Felixstowe nursing home and manager fined £17.5k following man’s window fall death

Highcliffe House Nursing Home, Felixstowe.

Highcliffe House Nursing Home, Felixstowe. - Credit: Archant

A Felixstowe nursing home and its manager have been fined for failing to properly care for a man who fell to his death from a second floor window.

William Willmott, 79, shared thoughts of suicide with a visiting friend, who reported concerns to staff at Highcliffe House, where he died six days later in July 2016.

The company and its manager, Alison Quilter-Cudworth, had admitted health and social care breaches before their sentencing at South East Suffolk Magistrates’ Court, in Ipswich, on Thursday.

Bena Brown, prosecuting for the Care Quality Commission (CQC), argued both failed to take steps to avoid harm to a “vulnerable, frail man”, whose bedroom window was not fitted with restrictors.

She said Quilter-Cudworth had failed to ensure proper assessment of risk in his environment, which included a stool he pushed against the window on the day he died.

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Prosecutors said the widower had made clear his intent – but no psychological referral was made.

Highcliffe House was rated inadequate a month after the incident, which happened four months after Mr Willmott transferred from hospital, where he was treated for lung disease.

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Eight windows still lacked restrictors six months after they were recommended in a self-commissioned safety audit in 2013. Meanwhile, just 12 of 25 staff had taken an online safety training course when Mr Willmott died.

Solicitor Andrew McGee shared the “profound regret” of both defendants, who he said accepted they failed to take all steps and exercise due diligence after July 8, when they were made aware of Mr Willmott’s suicidal ideation.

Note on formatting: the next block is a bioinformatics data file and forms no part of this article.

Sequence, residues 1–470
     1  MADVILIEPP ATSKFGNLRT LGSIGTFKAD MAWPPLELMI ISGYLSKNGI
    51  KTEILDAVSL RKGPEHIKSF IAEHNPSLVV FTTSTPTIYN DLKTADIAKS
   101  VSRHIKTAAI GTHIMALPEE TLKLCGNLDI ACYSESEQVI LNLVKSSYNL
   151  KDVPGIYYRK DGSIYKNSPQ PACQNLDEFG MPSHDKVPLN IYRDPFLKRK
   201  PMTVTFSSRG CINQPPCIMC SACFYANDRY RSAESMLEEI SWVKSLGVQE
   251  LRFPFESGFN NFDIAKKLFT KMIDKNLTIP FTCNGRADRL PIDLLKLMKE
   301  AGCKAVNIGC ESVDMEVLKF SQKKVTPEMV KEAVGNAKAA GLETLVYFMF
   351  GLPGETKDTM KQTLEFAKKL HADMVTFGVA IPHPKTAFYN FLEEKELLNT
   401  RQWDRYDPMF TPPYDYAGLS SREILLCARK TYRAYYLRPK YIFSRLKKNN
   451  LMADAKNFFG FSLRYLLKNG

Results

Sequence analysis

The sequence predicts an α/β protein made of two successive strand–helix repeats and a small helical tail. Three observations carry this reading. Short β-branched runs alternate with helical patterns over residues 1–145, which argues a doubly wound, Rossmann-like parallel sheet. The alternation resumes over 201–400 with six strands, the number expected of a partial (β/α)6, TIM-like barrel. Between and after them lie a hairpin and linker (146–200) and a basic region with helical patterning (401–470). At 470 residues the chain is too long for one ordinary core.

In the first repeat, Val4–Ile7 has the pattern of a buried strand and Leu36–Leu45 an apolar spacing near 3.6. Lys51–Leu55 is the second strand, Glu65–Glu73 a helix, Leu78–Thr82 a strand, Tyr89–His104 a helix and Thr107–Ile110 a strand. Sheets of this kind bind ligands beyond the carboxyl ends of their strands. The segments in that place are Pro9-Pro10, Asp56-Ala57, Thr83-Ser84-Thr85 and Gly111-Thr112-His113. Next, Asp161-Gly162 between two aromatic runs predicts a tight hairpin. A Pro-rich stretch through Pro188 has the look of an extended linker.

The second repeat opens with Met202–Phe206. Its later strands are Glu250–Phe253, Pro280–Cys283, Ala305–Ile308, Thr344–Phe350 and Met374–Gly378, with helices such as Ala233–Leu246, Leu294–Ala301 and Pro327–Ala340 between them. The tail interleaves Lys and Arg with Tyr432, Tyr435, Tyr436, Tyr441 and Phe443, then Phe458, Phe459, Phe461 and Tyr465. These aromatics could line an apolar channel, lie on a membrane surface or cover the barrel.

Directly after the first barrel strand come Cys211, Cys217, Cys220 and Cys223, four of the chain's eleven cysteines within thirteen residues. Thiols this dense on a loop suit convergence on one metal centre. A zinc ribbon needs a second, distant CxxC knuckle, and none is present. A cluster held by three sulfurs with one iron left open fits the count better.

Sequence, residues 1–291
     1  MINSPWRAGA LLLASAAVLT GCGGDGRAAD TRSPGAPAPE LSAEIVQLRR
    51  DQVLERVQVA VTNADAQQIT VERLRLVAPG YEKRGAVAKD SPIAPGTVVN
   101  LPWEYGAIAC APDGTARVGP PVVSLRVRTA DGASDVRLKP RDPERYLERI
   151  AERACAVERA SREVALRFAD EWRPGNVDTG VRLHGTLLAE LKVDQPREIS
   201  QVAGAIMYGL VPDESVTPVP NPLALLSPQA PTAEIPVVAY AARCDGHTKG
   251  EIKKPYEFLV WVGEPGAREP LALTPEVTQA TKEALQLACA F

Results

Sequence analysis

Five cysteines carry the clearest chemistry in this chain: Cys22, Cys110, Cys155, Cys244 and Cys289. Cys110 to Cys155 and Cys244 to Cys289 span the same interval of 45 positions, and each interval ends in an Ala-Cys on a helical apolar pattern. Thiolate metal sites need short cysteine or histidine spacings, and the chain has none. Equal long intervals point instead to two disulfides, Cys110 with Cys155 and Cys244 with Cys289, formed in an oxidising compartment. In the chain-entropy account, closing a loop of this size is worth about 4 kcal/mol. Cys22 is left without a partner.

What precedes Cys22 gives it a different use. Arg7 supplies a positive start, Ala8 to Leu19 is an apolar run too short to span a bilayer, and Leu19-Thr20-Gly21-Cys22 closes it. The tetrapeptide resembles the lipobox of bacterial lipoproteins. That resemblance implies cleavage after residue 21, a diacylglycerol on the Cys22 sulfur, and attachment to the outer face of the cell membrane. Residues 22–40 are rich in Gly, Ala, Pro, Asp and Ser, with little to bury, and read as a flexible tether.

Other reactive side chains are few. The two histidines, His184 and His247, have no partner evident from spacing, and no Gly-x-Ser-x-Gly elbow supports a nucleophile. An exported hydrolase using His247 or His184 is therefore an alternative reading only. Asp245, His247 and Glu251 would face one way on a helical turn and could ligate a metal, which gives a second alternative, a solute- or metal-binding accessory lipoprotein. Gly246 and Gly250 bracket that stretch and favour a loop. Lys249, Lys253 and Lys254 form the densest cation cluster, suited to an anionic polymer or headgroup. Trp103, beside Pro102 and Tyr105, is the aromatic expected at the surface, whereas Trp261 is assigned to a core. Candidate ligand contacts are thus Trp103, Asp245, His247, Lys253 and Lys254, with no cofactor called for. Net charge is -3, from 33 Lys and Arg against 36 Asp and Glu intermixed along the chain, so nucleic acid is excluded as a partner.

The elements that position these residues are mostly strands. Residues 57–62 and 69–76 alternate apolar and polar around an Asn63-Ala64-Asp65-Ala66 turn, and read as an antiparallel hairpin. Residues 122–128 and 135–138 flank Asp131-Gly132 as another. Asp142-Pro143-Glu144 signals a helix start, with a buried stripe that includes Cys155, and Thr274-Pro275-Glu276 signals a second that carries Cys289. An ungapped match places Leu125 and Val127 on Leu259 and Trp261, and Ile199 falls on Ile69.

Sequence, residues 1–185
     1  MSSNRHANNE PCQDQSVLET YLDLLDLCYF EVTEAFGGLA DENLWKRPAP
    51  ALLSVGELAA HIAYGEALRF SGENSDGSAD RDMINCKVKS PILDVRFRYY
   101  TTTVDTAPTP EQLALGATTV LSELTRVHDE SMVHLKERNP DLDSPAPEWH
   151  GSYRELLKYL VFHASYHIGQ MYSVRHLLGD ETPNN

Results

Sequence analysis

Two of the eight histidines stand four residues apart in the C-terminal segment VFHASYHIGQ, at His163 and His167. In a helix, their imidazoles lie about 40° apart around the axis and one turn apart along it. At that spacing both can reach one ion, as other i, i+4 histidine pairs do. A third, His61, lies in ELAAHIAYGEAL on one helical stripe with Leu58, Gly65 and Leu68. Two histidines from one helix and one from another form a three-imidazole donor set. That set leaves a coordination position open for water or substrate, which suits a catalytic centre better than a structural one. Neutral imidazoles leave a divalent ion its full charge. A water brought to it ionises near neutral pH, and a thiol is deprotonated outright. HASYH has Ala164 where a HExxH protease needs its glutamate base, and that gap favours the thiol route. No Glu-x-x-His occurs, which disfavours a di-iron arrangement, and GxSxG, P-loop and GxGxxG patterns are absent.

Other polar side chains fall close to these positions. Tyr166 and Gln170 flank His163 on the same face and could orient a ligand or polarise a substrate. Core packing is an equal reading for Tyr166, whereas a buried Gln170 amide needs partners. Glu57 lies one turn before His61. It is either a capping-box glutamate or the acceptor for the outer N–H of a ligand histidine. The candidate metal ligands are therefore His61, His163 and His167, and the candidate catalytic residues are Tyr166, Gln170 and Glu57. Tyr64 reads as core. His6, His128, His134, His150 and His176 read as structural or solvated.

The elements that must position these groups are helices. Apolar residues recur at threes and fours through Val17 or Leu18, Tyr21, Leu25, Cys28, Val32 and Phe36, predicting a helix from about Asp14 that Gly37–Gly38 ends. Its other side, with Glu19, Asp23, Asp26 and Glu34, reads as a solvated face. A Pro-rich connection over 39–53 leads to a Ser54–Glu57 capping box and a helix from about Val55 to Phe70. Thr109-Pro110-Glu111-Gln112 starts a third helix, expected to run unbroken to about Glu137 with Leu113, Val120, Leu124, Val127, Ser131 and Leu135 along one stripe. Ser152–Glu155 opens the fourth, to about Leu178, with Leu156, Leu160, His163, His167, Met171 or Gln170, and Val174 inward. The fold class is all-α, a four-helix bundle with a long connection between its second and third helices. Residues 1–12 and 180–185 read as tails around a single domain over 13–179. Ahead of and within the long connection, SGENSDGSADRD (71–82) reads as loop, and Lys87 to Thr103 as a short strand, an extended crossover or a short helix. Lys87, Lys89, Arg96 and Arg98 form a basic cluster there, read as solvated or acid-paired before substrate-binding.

“Prior to that date, they took effective steps to address his anxiety – predominantly related to his concerns about adequate access to oxygen supply, which both defendants made efforts to ensure he had,” said Mr McGee.

Mr Willmott was seen by a GP, social worker and specialists at the request of the defendants – but none raised concerns of suicide.

“This wasn’t cost saving,” said Mr McGee. “It wasn’t negligence.

“Multiple inspections never raised the issue of window restrictors, while the audit raised it as a medium priority.”

A subsequent CQC inspection found improvements at the home, which spent £24,000 on training and imposed its own temporary embargo on admitting residents.

The firm was fined £16,500, while Quilter-Cudworth was fined £1,000.

District Judge Celia Dawson called William Willmott a “much loved gentleman”, who was unhappy about his illness and being in care.

She said Highcliffe House had an otherwise exemplary health and safety record but had failed to fully adopt guidelines on window restrictors and adequately risk assess his suicidal ideation upon hearing the account of his visiting friend.

Mr Willmott’s nephew, Anthony, said the retired builder had loved his garden before having to move.

“We believed we’d put uncle somewhere safe and that he was being looked after, but he wasn’t getting the care he deserved,” he added.

“I was shocked at what I read when I saw the case files relating to this prosecution.

“Nothing will bring my uncle back or change what happened to him, but we hope some good comes of his death, and hopefully this will stop something like this happening elsewhere.”

William Willmott is survived by his brother.

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